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Polymorphisms in DNA repair gene XPD may increase risk of skin cancer
By Sharon Guynup

Scottish researchers have unearthed three genetic mutations of the XPD gene that are significantly linked to the incidence of melanoma, the most deadly form of skin cancer.

The nucleotide excision repair (NER) pathway has evolved to restore DNA damaged by ultraviolet light—or kill off cells that are beyond repair. It is a complex process, involving at least 25 proteins, which is synchronized with cellular processes such as transcription and DNA replication. In a recent study, Daniela Tomescu and colleagues, of Edinburgh University, United Kingdom, have investigated whether subtle changes in NER genes might also increase the risk for skin cancer.

The team selected patients likely to have a genetic predisposition to skin cancer from a group being treated for melanoma at the Department of Dermatology at the Royal Infirmary of Edinburgh. The study participants were all under the age of 50, they had no history of extreme sun exposure and were in the earliest stage of the disease.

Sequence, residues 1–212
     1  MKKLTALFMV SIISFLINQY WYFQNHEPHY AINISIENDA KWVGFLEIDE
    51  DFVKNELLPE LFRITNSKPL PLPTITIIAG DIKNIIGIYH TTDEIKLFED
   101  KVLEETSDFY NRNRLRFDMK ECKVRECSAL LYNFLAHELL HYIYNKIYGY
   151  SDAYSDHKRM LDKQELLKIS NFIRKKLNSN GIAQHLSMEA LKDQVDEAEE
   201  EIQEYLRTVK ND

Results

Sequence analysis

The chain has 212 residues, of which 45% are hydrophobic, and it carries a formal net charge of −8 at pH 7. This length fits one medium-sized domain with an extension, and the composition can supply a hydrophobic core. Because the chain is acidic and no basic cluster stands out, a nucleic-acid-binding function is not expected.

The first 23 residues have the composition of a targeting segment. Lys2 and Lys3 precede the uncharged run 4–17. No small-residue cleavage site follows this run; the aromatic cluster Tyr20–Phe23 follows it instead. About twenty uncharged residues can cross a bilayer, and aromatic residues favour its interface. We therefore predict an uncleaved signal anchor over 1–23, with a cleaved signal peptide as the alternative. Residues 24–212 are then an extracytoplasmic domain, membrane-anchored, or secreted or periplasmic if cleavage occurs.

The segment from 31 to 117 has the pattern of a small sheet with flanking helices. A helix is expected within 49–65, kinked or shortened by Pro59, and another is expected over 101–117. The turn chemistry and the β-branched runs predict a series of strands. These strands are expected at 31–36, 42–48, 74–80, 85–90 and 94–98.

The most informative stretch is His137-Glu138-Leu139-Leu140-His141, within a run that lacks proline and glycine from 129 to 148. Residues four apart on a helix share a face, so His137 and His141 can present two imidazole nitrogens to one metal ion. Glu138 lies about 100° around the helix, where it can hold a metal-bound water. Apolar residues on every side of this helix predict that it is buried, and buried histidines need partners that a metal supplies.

Skin cancer patients had a higher frequency of polymorphisms in exons 6, 22, and 23 of the XPD gene compared with the control group. Statistical analysis showed a significant correlation between the presence of these mutations and the disease. This suggests that even small changes in excision repair genes might hamper cell repair or alter proteins governing the cell cycle. Over years of exposure to UV rays, even a tiny reduction in the cells' repair capacity could greatly increase the risk for cancer.

A larger study will be needed to confirm these findings and to search for similar associations in other NER genes.

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Tomescu, D. et al. Nucleotide excision repair gene XPD polymorphisms and genetic predisposition to melanoma. Carcinogenesis 22, 403-408 (March 2001).

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